India, Japan join hands for big infrastructure push in Northeast
New Delhi: Japan has joined hands with India to aggressively develop infrastructure projects in India’s northeastern states.
As part of the strategy that is also being viewed as an attempt to contain China, an India-Japan Coordination Forum for Development of North East is being set up to focus on strategic projects such as connectivity and road network development, electricity and disaster management.
This new initiative, with representation from the northeastern states of Arunachal Pradesh, Assam, Manipur, Meghalaya, Mizoram, Nagaland, Sikkim and Tripura, comes in the backdrop of Chinese troops making repeated incursions into Indian territory.
“The idea is to create a road map for attracting investments in the region which holds immense strategic importance for us,” said an Indian government official, requesting anonymity.
The first meeting of the forum will be held on Thursday at a time when Beijing has accused New Delhi of sending troops into its territory and obstructing the construction of a road. The issue has snowballed with either side refusing to vacate the area.
A Japanese embassy spokesperson confirmed the development. “Development of North East is a priority for India and a key to promote its Act East Policy. Japan has also placed a special emphasis on cooperation in North East for its geographical importance connecting India to South-East Asia and historical ties,” the spokesperson said in an emailed response.
Japan has been helping India with some of the infrastructure projects such as the Mumbai-Ahmedabad high-speed rail corridor or bullet train, which will be funded by Japan International Cooperation Agency.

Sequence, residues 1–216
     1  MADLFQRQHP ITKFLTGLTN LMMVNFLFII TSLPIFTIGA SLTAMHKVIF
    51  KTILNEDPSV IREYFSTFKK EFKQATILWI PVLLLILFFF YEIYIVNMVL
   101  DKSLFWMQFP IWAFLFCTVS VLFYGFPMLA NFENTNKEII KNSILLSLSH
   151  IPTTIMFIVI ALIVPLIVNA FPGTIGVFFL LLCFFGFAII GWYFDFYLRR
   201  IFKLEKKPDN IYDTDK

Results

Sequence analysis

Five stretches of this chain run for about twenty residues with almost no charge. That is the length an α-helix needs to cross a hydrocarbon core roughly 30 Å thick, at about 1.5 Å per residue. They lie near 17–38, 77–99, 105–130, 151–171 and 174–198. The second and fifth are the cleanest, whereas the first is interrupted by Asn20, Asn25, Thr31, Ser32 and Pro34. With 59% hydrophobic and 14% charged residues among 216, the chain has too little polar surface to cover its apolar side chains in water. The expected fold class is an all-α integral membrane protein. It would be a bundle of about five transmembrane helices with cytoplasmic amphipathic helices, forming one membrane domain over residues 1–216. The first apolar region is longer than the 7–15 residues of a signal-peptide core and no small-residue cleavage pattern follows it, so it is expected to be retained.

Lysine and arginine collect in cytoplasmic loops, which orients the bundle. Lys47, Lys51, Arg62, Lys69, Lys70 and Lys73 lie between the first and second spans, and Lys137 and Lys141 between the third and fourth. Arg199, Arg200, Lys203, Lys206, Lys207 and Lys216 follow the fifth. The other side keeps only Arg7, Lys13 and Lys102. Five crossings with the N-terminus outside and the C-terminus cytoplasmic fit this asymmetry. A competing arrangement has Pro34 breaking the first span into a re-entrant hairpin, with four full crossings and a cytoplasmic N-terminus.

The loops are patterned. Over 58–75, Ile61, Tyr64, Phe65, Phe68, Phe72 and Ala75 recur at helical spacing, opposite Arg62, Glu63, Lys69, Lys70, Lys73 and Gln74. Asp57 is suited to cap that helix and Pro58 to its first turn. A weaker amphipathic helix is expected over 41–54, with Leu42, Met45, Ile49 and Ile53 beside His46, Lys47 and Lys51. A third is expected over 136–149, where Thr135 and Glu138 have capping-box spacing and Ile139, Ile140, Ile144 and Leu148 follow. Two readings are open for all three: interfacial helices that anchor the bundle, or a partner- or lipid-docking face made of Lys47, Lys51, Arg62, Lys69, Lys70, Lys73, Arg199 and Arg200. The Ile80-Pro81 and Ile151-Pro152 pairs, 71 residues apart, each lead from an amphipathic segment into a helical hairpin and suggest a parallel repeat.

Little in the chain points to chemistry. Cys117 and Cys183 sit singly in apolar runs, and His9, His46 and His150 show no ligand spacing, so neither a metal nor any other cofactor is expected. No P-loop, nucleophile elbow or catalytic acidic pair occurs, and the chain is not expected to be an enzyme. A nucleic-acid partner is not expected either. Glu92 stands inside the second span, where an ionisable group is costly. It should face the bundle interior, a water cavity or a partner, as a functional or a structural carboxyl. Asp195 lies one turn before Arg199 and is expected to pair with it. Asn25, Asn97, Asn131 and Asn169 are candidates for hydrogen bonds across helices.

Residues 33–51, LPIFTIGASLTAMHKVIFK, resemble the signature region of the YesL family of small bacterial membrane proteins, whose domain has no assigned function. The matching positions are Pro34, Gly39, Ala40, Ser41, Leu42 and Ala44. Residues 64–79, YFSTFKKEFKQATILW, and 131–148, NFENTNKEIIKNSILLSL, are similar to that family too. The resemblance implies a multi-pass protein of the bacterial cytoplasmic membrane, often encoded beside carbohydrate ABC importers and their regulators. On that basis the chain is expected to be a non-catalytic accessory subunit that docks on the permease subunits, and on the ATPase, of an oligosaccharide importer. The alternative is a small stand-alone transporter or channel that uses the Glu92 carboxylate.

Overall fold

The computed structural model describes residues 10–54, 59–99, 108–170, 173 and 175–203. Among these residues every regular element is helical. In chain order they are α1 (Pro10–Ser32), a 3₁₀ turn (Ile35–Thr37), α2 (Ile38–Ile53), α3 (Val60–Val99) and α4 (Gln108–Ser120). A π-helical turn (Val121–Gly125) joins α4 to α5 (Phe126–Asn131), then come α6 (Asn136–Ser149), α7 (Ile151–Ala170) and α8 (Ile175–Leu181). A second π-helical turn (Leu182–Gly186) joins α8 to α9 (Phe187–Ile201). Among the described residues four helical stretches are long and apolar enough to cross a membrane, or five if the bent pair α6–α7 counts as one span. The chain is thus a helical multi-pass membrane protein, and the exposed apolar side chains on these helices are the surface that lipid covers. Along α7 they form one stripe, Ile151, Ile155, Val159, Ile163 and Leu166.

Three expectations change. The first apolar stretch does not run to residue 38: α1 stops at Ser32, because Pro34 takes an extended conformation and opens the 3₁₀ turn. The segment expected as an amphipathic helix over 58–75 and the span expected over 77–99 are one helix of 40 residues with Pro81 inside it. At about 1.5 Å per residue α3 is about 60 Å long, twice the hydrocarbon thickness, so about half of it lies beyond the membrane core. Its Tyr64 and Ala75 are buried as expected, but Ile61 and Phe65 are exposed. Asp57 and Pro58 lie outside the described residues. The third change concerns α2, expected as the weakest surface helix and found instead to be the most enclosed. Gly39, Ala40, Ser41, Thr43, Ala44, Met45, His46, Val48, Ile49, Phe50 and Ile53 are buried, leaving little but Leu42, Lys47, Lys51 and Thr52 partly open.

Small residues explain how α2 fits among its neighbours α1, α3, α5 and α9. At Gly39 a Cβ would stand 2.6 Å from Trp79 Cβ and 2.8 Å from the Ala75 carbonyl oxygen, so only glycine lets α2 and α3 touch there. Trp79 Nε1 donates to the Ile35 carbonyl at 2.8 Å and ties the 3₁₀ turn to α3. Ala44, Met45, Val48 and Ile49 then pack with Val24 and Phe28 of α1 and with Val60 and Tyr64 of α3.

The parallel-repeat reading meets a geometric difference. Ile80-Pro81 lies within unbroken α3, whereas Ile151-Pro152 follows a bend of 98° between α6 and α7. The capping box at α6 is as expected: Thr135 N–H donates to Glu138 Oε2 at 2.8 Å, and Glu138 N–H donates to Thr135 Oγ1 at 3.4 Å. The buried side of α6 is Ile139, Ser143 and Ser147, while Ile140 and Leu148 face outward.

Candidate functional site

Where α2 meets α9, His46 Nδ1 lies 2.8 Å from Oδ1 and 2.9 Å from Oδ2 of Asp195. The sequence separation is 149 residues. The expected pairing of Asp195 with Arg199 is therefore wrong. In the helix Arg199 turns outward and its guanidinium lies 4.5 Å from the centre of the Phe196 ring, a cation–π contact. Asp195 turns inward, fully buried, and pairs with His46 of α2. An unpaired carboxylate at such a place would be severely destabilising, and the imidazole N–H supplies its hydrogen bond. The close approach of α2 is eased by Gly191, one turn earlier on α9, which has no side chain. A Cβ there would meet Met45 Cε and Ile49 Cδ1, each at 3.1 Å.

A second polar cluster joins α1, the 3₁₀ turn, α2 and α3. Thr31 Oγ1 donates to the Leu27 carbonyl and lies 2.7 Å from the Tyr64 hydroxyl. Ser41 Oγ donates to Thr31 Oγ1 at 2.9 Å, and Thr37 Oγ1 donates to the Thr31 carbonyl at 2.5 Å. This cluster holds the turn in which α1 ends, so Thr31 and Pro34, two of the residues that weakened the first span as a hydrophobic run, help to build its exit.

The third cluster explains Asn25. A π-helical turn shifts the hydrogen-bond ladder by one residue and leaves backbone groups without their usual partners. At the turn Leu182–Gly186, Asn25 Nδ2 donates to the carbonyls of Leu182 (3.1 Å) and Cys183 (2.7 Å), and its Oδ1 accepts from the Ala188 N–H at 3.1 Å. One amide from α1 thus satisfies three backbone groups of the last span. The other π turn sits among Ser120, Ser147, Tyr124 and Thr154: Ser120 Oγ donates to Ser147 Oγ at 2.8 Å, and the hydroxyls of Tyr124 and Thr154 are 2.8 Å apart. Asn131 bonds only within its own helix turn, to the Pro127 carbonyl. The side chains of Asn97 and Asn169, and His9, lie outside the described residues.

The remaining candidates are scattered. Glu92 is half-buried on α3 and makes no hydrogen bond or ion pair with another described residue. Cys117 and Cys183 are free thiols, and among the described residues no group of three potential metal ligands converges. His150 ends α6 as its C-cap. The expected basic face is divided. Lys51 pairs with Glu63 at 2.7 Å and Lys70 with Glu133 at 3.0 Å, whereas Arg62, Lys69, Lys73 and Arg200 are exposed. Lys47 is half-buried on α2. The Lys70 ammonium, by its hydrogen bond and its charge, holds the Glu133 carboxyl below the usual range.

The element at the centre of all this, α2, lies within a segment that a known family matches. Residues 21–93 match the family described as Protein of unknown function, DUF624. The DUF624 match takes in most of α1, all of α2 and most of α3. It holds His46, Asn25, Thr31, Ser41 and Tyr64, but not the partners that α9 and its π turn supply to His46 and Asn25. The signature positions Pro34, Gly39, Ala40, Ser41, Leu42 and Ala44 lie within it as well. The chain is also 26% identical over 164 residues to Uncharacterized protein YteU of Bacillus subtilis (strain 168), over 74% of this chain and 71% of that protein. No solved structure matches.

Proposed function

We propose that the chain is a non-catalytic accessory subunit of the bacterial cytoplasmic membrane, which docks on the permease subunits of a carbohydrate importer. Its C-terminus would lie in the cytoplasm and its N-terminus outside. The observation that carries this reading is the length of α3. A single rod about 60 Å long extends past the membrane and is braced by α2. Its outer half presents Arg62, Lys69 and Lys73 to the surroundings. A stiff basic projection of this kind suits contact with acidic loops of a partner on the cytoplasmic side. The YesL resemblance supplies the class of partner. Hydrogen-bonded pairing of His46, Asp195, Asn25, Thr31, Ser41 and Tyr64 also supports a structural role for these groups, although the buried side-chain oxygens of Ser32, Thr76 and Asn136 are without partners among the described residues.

Japan’s Prime Minister Shinzo Abe will visit India in September, when he is expected to attend the ground-breaking ceremony of the high-speed rail corridor.
“It is not a formal working group but a coordination forum to identify priority development areas of cooperation for development of NER (north-eastern region),” said a ministry of development of north-eastern region (DONER) spokesperson in an emailed response.
Thursday’s meeting will be chaired by DONER minister Jitendra Singh and attended by Japan’s ambassador to India Kenji Hiramatsu. The forum may have representation from India’s ministries of external affairs, road transport and highways, power and the department of economic affairs.
Queries emailed to the spokespersons of India’s ministries of external affairs, road transport and highways, power and finance on Tuesday remained unanswered.
“Priority areas obviously include infrastructure, disaster management and other natural priorities of NER like tourism, handicrafts and handlooms, water resources including fisheries, power, etc,” the DONER spokesperson added.
India and China have also sparred over hydropower projects in Arunachal Pradesh, a state that borders China and has the highest potential for hydropower generation in India.
Several multilateral lending agencies, including the World Bank, have been unwilling to fund projects in the so-called disputed border states in India’s northeast region—seen as sensitive as parts of the region are claimed by China.
Experts say that Japanese involvement in these projects may get expedited with the Dokalam incident acting as a trigger.
“India has been looking at alternative sources for investments in the region. Japan has been India’s partner for a long time and there is a certain degree of comfort. The current situation can help fast track the entire process. It will give a shot in the arm for India given that there is a sense of urgency now,” said Alka Acharya, professor in Chinese Studies at Jawaharlal Nehru University.
With an eye on China, India is working on a slew of road and bridge projects to improve connectivity with Bangladesh, Nepal and Myanmar. Also, India is pulling out all stops to expedite the South Asian Sub-Regional Economic Cooperation (SASEC) road connectivity programme in the backdrop of China’s ambitious One Belt One Road ( Obor) initiative aimed at connecting around 60 countries across Asia, Africa and Europe.
India has been critical of China’s Obor initiative, questioning China’s intentions in developing the China-Pakistan Economic Corridor, part of Obor, since it cuts through Gilgit and Baltistan areas of Pakistan-occupied Kashmir.
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